Anyhow, after shutting a German Shepherd's mouth on his tongue, with my heel, one time, with a kick from aboard my bicycle, I decided that the chemical spray was more humane. Began carrying that.

As to wind, the chem. spray comes out in a solid stream which is good for 10-12 feet on a still day, and with a brand-new can. After several years of carry, that range gets cut in half, at which point I retire the can and buy a new one. The dog is always close enough to me on the bicycle that wind would not be a factor--you just hose down his whole face anyhow. I've had errant small amounts of spray hit another rider, who reported that it was very hot and uncomfortable in his eye/mouth, but bearable. And the effects are gone after several hours, even with no treatment.

I generally hold the spray can with my fingers, and press the button with my thumb. The cans are set up so you can tell by feel which way the spray is pointed.

As to effectiveness: I have stopped a Doberman pinscher in full-out attack mode, coming at me while running on the street. (Scary sight!) Waited until he was abt. 8 feet away, hosed down his face, and he suddenly remembered he had an appointment elsewhere.

I have also held off 3 black Labrador retrievers, and a standard poodle, all at the same time, while on my bicycle. Hosed down each of the Labs in turn--One of them couldn't believe how bad it was, and came back to try again. The second time, he believed. Never got to squirt at the poodle--when the poodle saw how the Labs were faring, he hung back--smart dog! All the while the dogs' owner was standing in the road yelling at me.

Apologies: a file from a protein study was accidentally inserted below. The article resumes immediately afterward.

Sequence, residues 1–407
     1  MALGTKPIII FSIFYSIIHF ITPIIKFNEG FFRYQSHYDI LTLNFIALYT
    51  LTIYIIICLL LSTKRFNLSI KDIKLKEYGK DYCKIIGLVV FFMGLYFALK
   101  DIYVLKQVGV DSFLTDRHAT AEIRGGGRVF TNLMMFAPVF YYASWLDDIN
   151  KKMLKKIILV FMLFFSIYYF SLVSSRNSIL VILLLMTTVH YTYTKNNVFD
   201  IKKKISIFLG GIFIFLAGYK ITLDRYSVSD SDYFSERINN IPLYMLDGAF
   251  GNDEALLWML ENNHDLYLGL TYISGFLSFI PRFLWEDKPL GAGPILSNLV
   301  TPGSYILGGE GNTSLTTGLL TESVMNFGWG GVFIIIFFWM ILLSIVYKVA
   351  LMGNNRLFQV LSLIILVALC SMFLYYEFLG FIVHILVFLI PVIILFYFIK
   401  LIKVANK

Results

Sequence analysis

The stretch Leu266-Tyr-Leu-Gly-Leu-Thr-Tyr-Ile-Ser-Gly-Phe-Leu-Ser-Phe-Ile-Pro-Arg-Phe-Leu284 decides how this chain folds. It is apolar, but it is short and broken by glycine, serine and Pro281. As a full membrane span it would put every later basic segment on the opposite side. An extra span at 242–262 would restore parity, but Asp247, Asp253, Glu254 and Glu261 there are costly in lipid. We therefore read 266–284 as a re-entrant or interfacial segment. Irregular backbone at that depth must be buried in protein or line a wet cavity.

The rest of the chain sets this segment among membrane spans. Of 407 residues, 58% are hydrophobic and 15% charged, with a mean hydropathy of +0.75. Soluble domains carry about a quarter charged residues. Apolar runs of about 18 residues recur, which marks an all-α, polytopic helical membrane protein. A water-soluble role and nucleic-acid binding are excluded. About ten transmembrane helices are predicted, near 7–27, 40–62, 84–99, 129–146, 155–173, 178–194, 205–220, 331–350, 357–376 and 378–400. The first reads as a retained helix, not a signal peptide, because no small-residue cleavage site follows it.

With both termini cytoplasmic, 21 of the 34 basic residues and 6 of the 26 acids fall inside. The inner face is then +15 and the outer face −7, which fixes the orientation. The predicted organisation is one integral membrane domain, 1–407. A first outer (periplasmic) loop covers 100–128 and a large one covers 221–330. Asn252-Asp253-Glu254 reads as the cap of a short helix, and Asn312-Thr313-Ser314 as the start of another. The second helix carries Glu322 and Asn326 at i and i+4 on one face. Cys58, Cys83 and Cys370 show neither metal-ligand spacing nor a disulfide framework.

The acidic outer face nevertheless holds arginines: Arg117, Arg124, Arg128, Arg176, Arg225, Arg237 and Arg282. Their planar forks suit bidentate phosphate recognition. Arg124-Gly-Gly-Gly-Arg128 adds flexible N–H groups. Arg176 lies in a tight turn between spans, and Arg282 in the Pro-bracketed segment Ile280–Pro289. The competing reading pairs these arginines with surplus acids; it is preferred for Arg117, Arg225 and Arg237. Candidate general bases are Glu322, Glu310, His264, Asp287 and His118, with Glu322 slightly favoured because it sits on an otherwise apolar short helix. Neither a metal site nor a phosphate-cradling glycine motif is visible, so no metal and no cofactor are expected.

Bottom line: I have experience with this. The dog spray DOES WORK, and IMHO, it is far more humane than hitting the dog. It doesn't do permanent damage to dogs or humans.

Cosmoline
March 9, 2011, 01:51 PM
What's the brand of spray you're using? If it's truly non-toxic I'm not against using it, though I still want something to prod the hund.

Also, do you know the freeze point of the stuff?

In that case perhaps consider a Monadnock baton.

Thank you! That looks ideal. Just ordered one from Midway.

Remo223
March 9, 2011, 02:11 PM
Smokey Joe:

You might have convinced me to try something like that. I always used the kick method on bicycles. Normally you don't need to actually kick them, just kick the air near their face and they get the message. But some dogs will only become more aggressive if you do this so you better make contact right away or your plan will backfire. You gotta read the dog and make a decision.